This is one of the rare types whose success was driven less by major manufacturers than by smaller brands like Linus, Public, and Brooklyn Bicycles (as explained in this Brooklyn Franklin review).

Best for:

  • Commuting and urban transportation (usually flatter, but depends on gearing)
  • Leisure riding/cruising

Also useful for:

  • Gentle, flat dirt/gravel riding

Comfort bikes

There’s a fine line between comfort bikes and hybrids. In fact, a typical comfort bike is essentially a hybrid with a wide, cushy saddle and higher handlebars.

The better ones (like the Norco Scene) pictured above, basically combine the strength and light weight of a hybrid with the relaxed geometry and wide tires of a Dutch bike.

Compared to the clunky rental models that “comfort bike” might evoke, these newer models are surprisingly fun and quick around town.

Best for:

  • Leisure riding and cruising on pavement
  • Commuting

Also useful for:

  • Mellow dirt and gravel roads, for models with wide tires (around 50+ mm)

Beach cruisers

If a Dutch bike somehow looks too uptight and race-y, then nothing is more laid-back than a beach cruiser. They’re designed for exactly what the name suggests: leisurely rolling up and down the coast, with no agenda but seeing the sights and enjoying the fresh air.

Besides the extremely laid-back riding position, a clear giveaway is the handlebars that might look like those of a cruiser motorcycle. So-called balloon tires are another classic touch, probably born of a need for traction on sandy paths.

A few brands—most notably Electra—have used a cruiser-inspired design for more or less urban commuter purposes. Geometry tweaks, wider gearing, and all-around better component quality help.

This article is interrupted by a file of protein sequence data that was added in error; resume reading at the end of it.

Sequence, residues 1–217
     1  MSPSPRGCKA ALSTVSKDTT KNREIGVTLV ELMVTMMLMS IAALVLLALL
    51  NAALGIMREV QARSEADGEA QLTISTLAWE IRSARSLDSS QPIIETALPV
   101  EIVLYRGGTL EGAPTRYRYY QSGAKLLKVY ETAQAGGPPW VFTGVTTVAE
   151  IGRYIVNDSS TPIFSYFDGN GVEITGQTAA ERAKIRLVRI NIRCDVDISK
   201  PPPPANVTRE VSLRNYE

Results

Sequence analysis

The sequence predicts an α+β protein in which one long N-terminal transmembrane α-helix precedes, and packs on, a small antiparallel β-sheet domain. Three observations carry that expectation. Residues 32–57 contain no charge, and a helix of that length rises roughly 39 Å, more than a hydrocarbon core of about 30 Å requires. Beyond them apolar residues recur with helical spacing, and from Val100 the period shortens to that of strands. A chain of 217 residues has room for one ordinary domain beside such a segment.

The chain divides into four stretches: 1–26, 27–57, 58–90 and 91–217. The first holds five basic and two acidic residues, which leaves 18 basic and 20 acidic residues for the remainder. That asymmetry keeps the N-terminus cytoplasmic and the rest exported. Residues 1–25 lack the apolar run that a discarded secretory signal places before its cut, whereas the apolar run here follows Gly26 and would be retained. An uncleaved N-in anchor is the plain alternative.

Best for:

  • Very leisurely cruising on flat terrain without tight, sharp corners

Cargo bikes

They do precisely what the name implies: carry a whole lot of stuff. Many have cargo capacities of several hundred pounds, making them perfect car alternatives for families and certain businesses.

Cargo bikes come in a few flavors.

Long-tail designs are the most common, since they’re a standard city or hybrid design that’s stretched out to some degree.

There’s also the distinctive bakfiets (pronounced “bock-feets,” literally “box bike” in Dutch). They have a wheelbarrow-like box in the front for exceptionally large loads.

Like nearly everything else on this list, electric-assist versions are available. And if you want to carry large loads up hills at more than a snail’s pace, they’re probably necessary.

Best for:

  • Hauling unusually large or heavy loads over short distances

Also useful for:

  • Relaxed commuting and urban transportation (for a long-tail; less so for a bakfiets)

Folding bikes

If you live or work in a big city, you’ve probably seen fully-grown adults on what look like children’s bikes. These are in fact adult bikes, but ones designed to fold up to impressively small dimensions. That way, they’re easier to take on transit, store in offices and small apartments, or simply throw in the trunk of the car on the weekend.

Most ride a lot like hybrids, just with a nimbler but slightly rougher ride from the smaller wheels.

(There are in fact folding mountain bikes and drop-bar road bikes, too, but they’re not something you’re likely to see around town.)

There are some non-obvious things to consider about the folding design and small wheels, so check out this folding bike overview to start, and consider these drawbacks, too.

Best for:

  • Carrying on transit
  • Storing in extremely cramped places
  • All-around riding on asphalt (designs vary widely)

Also useful for:

  • Gentle dirt/gravel riding
  • Light touring

Mini velos

(Source: Orbea)

Many urbanites need something easier to handle and store than a full-size bike, but not as tiny as a folding bike. Mini velos serve that purpose, and they’re especially common in large East Asian cities, where small apartments (with equally small halls, stairs, and elevators) are quite common.

While the wheels are “mini,” everything else is what you’d find on a standard bicycle. They’re a terrifically practical solution, and I’ve always wondered why they haven’t quite caught on in the West.